Ambulatory care Ambulatory care is care given in the doctor’s office or surgical center without an overnight stay.
Authorization Authorization is the approval of care, such as hospitalization, by an insurer or health plan. Your insurer or health plan may require pre-authorization before you’re admitted or non-HMO providers treat you.
Balance billing Balance billing is the practice of a provider billing you for all charges not paid by your insurance plan, even if those charges are above the plan’s usual, customary and reasonable (UCR) charges or are considered medically unnecessary. Managed care plans and service plans generally prohibit providers from balance billing except for allowed copayments, coinsurance and deductibles. Such prohibition against balance billing may even extend to the plan’s failure to pay at all (for example, because of bankruptcy).
Benefit Amount payable by the insurance company to a claimant, assignee, or beneficiary when the insured suffers a loss.
Carrier The insurance company or HMO offering a health plan.
Certificate of Insurance The printed description of the benefits and coverage provisions forming the contract between the carrier and the customer. Discloses what it covered, what is not, and dollar limits.
Claim A request by an individual (or his or her provider) to an individual's insurance company for the insurance company to pay for services obtained from a health care professional.
Claims review Claims review is the review your insurer or health plan performs before paying your doctor or reimbursing you. This review allows the insurer to validate the medical appropriateness of the services given and review the charges related to your care.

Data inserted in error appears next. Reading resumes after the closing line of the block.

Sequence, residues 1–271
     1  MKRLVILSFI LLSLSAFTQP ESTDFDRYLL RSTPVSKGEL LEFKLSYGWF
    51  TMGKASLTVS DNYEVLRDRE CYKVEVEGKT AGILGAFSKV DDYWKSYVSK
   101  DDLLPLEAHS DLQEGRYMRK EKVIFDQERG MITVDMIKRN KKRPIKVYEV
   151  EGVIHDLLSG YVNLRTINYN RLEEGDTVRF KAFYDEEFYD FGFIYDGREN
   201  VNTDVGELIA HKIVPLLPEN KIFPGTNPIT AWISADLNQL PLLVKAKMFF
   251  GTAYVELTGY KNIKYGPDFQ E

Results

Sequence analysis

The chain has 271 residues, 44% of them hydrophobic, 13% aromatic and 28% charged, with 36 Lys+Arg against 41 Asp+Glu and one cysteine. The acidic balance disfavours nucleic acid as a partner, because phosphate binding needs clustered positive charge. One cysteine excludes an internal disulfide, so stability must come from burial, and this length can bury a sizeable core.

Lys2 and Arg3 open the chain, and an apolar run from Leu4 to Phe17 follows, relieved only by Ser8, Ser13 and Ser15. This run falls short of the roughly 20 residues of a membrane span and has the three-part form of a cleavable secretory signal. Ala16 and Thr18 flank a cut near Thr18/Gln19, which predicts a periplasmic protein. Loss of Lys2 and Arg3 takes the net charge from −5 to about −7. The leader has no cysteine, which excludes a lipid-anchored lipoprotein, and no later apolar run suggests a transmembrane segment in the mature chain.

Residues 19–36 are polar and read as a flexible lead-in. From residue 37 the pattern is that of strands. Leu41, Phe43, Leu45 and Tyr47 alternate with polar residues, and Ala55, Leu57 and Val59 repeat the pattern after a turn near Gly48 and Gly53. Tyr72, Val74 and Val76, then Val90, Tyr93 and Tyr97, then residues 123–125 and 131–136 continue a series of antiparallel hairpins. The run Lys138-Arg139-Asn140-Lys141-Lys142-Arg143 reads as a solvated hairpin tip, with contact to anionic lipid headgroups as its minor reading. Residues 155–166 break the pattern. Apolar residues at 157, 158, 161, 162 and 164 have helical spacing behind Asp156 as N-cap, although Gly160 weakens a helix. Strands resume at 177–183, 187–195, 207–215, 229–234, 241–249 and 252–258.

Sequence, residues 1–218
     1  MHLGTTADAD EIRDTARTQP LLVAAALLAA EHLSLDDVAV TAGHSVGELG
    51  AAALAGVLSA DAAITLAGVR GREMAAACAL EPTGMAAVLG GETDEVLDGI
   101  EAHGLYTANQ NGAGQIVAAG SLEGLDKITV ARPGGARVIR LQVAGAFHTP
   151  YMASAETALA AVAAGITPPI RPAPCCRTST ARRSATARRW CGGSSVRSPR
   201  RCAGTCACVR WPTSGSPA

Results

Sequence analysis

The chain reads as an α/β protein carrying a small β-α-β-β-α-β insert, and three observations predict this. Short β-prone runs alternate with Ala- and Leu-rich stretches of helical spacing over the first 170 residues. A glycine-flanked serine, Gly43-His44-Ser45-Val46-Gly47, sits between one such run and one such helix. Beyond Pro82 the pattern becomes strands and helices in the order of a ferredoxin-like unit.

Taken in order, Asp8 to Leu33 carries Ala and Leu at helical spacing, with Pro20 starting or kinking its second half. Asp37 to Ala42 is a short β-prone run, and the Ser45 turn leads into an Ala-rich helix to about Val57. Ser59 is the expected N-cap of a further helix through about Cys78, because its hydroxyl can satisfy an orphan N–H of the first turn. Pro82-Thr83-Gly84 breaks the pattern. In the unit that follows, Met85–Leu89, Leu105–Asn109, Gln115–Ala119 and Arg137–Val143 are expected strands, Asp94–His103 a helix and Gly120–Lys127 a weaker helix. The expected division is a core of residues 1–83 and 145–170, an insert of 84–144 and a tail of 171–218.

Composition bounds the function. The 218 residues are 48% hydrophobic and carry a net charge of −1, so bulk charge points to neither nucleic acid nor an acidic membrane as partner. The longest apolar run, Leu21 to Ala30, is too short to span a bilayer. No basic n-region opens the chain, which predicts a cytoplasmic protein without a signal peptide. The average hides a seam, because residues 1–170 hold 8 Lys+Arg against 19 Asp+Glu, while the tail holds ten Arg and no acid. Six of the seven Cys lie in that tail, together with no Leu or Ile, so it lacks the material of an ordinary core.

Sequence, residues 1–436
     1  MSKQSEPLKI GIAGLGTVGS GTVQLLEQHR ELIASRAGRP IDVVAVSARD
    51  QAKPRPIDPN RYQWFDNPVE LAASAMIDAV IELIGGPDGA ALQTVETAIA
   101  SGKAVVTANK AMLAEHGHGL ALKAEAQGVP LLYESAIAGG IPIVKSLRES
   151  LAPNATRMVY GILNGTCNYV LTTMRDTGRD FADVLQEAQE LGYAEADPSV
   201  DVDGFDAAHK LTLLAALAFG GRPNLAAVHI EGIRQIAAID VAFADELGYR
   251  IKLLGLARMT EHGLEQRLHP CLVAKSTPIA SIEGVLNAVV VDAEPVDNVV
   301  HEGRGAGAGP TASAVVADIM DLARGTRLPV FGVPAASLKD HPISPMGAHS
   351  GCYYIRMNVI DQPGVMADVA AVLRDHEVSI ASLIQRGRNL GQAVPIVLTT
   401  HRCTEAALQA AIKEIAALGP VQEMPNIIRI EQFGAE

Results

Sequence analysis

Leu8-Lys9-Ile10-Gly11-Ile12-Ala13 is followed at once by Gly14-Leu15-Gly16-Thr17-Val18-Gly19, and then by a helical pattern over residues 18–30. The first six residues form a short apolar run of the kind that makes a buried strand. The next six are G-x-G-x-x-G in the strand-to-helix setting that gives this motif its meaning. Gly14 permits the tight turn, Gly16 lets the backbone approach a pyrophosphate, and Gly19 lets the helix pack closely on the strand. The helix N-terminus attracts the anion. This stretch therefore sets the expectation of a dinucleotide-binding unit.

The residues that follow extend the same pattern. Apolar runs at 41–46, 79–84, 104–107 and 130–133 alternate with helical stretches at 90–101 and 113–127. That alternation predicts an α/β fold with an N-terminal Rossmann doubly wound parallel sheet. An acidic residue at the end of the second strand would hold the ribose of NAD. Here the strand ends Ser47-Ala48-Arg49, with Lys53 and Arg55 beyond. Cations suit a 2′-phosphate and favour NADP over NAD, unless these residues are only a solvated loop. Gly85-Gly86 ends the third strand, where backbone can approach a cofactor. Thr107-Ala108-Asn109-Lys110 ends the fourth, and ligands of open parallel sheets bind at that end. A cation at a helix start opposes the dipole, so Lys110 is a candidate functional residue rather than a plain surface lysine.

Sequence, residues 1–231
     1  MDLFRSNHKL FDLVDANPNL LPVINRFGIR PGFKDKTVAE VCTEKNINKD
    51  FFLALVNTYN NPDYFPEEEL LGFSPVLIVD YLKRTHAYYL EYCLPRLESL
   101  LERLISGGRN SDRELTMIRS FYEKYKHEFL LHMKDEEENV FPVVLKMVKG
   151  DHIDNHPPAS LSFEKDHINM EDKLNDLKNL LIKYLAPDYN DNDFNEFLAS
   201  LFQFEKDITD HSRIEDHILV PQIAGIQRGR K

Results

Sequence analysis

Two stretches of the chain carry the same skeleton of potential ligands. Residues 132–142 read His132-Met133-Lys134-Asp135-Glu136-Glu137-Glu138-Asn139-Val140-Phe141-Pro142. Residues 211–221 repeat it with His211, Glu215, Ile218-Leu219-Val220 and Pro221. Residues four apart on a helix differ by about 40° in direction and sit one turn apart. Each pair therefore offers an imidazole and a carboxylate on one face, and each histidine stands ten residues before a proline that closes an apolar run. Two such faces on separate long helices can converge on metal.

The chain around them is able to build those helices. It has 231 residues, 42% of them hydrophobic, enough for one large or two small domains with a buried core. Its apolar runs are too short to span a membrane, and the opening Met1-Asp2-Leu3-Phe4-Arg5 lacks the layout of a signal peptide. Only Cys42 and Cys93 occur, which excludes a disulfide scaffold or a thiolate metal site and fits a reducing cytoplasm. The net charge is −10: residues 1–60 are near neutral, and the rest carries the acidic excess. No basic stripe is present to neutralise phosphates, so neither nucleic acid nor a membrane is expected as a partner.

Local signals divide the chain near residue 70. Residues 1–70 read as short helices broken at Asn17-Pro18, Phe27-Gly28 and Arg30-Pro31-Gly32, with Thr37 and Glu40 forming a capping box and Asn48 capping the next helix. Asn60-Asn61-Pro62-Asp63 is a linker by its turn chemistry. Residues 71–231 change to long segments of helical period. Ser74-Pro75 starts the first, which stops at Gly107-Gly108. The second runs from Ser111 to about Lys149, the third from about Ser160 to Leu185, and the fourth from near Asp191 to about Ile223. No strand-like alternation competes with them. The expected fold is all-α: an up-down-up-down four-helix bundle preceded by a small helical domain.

Co-Insurance Co-insurance refers to money that an individual is required to pay for services, after a deductible has been paid. Co-insurance is often specified by a percentage. For example, the employee pays 20 percent toward the charges for a service and the employer or insurance company pays 80 percent.
Co-Payment Co-payment is a predetermined (flat) fee that an individual pays for health care services, in addition to what the insurance covers. For example, some HMOs require a $10 "co-payment" for each office visit, regardless of the type or level of services provided during the visit. Co-payments are not usually specified by percentages.
Coordination of benefits (COB)Coordination of benefits is an agreement between your insurers to prevent double payment of your care when more than one plan provides coverage. The agreement determines which insurer has primary responsibility for payment and which has secondary responsibility. These rules are established by state and federal government guidelines.